Raad /The Atlas Group (b. 1967, Lebanon), is the winner of the £30,000
prize for his significant contribution to the medium of photography in
Europe. The award was announced at the Photographer’s Gallery in
London, on 21 March 2007.
Walid Raad was nominated for the exhibition The Atlas Group Project at Nationalgalerie im Hamburger Bahnhof - Museum für Gegenwart in Berlin, Germany (22 September 2006 – 7 January 2007).
The project was undertaken by Walid Raad between 1989 and 2004 to research and document the contemporary history of Lebanon. However, the authenticity of the photographic and video documents in this archive are continuously queried, leaving the viewer uncertain how history — in particular one marked by the trauma of civil war — can be told and visually represented. The ‘documents’ in the exhibition appear based on a person’s actual memories but also draw on cultural fantasies constructed from the material of collective memories.
Brett Rogers, Chair of the Jury and Director of The Photographers’ Gallery, said:
“This year’s shortlist demonstrates the immediacy and power of the photographic image when pushed to its limits by contemporary artists and photographers. Each of them explores important global issues, but none more urgent and powerful than that of Walid Raad /The Atlas Group.
“Raad’s work opens up new possibilities for reinterpreting photography’s role in the construction of ‘history’ especially in connection with his main project on the Lebanese Civil Wars. He demonstrates a new form of conceptual practice, one that combines the poetic with the political, and yet remains playfully engaging. Through his work Walid Raad questions the role of authorship and authenticity ‘fact as a process’ presenting the world and its functions as a complex layer of systems.
“The work of all four nominees encompasses global issues and questions the camera’s role as an objective recording instrument. Culturally diverse in their backgrounds and concerns, their work reflects a strong sense of social engagement in addressing subjects of both a personal and political nature.”
Here’s information about the other three finalists:
Philippe Chancel (b. 1959, France) nominated for his exhibition DPRK, shown at the Arles Photography Festival, France (4 July – 17 September 2006). Chancel has been working as a photographer for the last 20 years, investigating the shifting and complex terrain between art, documentary and journalism. Taken in North Korea in 2005, the crisp color photographs in this series provide a chilling and detached comment on the monumental political narcissism under which the country operates. In DPRK, Chancel manages to capture the all-encompassing aesthetic of communist ideology, as well as the finely orchestrated details of its daily propaganda: a rare glimpse into a totalitarian state usually closed off to Western eyes.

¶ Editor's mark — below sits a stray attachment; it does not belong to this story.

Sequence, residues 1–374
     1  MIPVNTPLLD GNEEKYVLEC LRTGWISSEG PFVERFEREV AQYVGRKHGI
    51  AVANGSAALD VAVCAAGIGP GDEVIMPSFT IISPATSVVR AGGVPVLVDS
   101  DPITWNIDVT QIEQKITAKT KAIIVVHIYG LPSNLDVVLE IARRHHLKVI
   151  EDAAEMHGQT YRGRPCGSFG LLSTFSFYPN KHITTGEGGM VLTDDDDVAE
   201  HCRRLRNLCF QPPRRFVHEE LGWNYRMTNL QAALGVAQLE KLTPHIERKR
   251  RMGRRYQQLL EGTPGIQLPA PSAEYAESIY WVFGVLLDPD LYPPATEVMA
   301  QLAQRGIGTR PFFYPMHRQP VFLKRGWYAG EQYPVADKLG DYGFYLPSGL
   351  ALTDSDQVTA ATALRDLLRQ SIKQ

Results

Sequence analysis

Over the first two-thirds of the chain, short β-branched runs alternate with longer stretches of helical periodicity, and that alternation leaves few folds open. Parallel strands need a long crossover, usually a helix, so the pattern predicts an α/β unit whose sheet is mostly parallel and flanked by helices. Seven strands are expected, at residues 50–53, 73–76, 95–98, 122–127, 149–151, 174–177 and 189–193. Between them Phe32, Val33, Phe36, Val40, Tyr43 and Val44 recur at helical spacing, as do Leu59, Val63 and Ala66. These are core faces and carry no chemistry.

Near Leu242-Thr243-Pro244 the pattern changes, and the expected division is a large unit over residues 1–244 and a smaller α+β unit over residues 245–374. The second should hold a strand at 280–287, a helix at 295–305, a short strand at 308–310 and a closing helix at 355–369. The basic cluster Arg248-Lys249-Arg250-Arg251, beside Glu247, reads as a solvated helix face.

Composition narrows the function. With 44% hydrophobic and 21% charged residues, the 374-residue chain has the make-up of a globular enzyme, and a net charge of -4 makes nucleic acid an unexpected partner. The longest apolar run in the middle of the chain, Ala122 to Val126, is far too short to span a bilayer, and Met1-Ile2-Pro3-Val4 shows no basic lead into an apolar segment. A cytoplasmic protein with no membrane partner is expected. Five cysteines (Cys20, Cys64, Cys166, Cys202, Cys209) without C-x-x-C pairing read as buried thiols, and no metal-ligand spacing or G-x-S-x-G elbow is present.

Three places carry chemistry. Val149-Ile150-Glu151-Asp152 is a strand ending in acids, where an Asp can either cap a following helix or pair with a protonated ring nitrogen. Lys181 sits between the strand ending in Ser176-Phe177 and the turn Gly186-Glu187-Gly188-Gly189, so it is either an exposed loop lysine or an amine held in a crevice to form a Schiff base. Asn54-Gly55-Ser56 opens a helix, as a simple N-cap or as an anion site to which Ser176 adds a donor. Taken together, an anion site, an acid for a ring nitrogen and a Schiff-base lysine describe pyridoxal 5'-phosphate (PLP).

Anders Petersen (b. 1944, Sweden) nominated for his exhibition About Gap and St Etienne, shown at the Arles Photography Festival, France (4 July – 17 September 2006). Petersen first became known for his seminal series Café Lehmitz (published in 1978), a daily chronicle of a Hamburg coffee shop frequented by transvestites and prostitutes. Since then, Petersen has continued to explore people on the fringes of society through his camera, and developed his own distinct style - a raw and intimate social photography aiming to show the hidden aspects of human nature. The series About Gap and St Etienne, which resulted from a two-week residency in these two southern French towns in 2005, exudes a poetic sadness, restlessness and sense of urgency that characterizes his photography.
Fiona Tan (b. 1966, Indonesia), nominated for her exhibition Mirror Maker at Landesgalerie in Linz, Austria (1 June – 20 August 2006). The human subject is central to Tan’s work through which she questions and explores the complexities of culture and place and how these elements come to shape our individual identity. Combining both photographic and film footage in her practice, the exhibition included past and more recent projects dealing with portraiture and the nature of photography; including Vox Populi (2004), a photographic installation that captures key moments in the lives of more than 100 Norwegian families over several generations, and Countenance, a typological inquiry in 200 filmic portraits, produced in Berlin in 2002.
We are please to share a sample of each of the finalists' work here. For the full show, go to:
The Photographers’ Gallery
5 & 8 Great Newport Street
London WC2H 7HY
Our selection is quirky, subjective, untraditional, and probably not like many other lists of favorite photobooks out there — but each is a gem, in our opinion. Enjoy!
See the winning photographs selected by thejury as the best in photojournalism and documentary for the year.
Mongolia, always sparsely populated, finds itself caught between vast opportunity and deep crisis with rapid changes in society due to economic factors and globalization.